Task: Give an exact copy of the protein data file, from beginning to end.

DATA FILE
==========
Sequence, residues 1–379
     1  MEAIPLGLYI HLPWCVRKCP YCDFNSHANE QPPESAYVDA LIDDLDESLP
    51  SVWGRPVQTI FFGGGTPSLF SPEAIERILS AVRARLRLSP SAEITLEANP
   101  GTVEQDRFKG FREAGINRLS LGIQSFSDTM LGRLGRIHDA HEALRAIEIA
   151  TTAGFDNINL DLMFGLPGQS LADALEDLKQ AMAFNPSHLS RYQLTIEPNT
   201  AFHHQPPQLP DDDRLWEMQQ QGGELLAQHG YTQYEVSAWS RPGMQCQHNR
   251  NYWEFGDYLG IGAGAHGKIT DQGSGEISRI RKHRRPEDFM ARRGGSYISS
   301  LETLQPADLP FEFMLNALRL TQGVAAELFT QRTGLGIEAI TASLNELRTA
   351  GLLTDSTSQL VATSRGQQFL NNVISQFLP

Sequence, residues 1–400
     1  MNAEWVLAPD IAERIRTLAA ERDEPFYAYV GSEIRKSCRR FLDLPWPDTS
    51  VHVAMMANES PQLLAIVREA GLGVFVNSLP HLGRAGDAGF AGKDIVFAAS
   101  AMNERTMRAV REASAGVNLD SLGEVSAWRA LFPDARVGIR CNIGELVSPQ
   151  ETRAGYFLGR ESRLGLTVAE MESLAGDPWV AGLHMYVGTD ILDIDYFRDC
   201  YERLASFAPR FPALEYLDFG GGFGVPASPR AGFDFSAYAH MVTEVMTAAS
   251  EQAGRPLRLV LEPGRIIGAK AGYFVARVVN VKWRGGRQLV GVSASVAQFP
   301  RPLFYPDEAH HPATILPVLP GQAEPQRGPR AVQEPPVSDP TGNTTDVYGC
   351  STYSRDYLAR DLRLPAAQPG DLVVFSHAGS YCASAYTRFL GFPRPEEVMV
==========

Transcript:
Sequence, residues 1–379
     1  MEAIPLGLYI HLPWCVRKCP YCDFNSHANE QPPESAYVDA LIDDLDESLP
    51  SVWGRPVQTI FFGGGTPSLF SPEAIERILS AVRARLRLSP SAEITLEANP
   101  GTVEQDRFKG FREAGINRLS LGIQSFSDTM LGRLGRIHDA HEALRAIEIA
   151  TTAGFDNINL DLMFGLPGQS LADALEDLKQ AMAFNPSHLS RYQLTIEPNT
   201  AFHHQPPQLP DDDRLWEMQQ QGGELLAQHG YTQYEVSAWS RPGMQCQHNR
   251  NYWEFGDYLG IGAGAHGKIT DQGSGEISRI RKHRRPEDFM ARRGGSYISS
   301  LETLQPADLP FEFMLNALRL TQGVAAELFT QRTGLGIEAI TASLNELRTA
   351  GLLTDSTSQL VATSRGQQFL NNVISQFLP

Sequence, residues 1–400
     1  MNAEWVLAPD IAERIRTLAA ERDEPFYAYV GSEIRKSCRR FLDLPWPDTS
    51  VHVAMMANES PQLLAIVREA GLGVFVNSLP HLGRAGDAGF AGKDIVFAAS
   101  AMNERTMRAV REASAGVNLD SLGEVSAWRA LFPDARVGIR CNIGELVSPQ
   151  ETRAGYFLGR ESRLGLTVAE MESLAGDPWV AGLHMYVGTD ILDIDYFRDC
   201  YERLASFAPR FPALEYLDFG GGFGVPASPR AGFDFSAYAH MVTEVMTAAS
   251  EQAGRPLRLV LEPGRIIGAK AGYFVARVVN VKWRGGRQLV GVSASVAQFP
   301  RPLFYPDEAH HPATILPVLP GQAEPQRGPR AVQEPPVSDP TGNTTDVYGC
   351  STYSRDYLAR DLRLPAAQPG DLVVFSHAGS YCASAYTRFL GFPRPEEVMV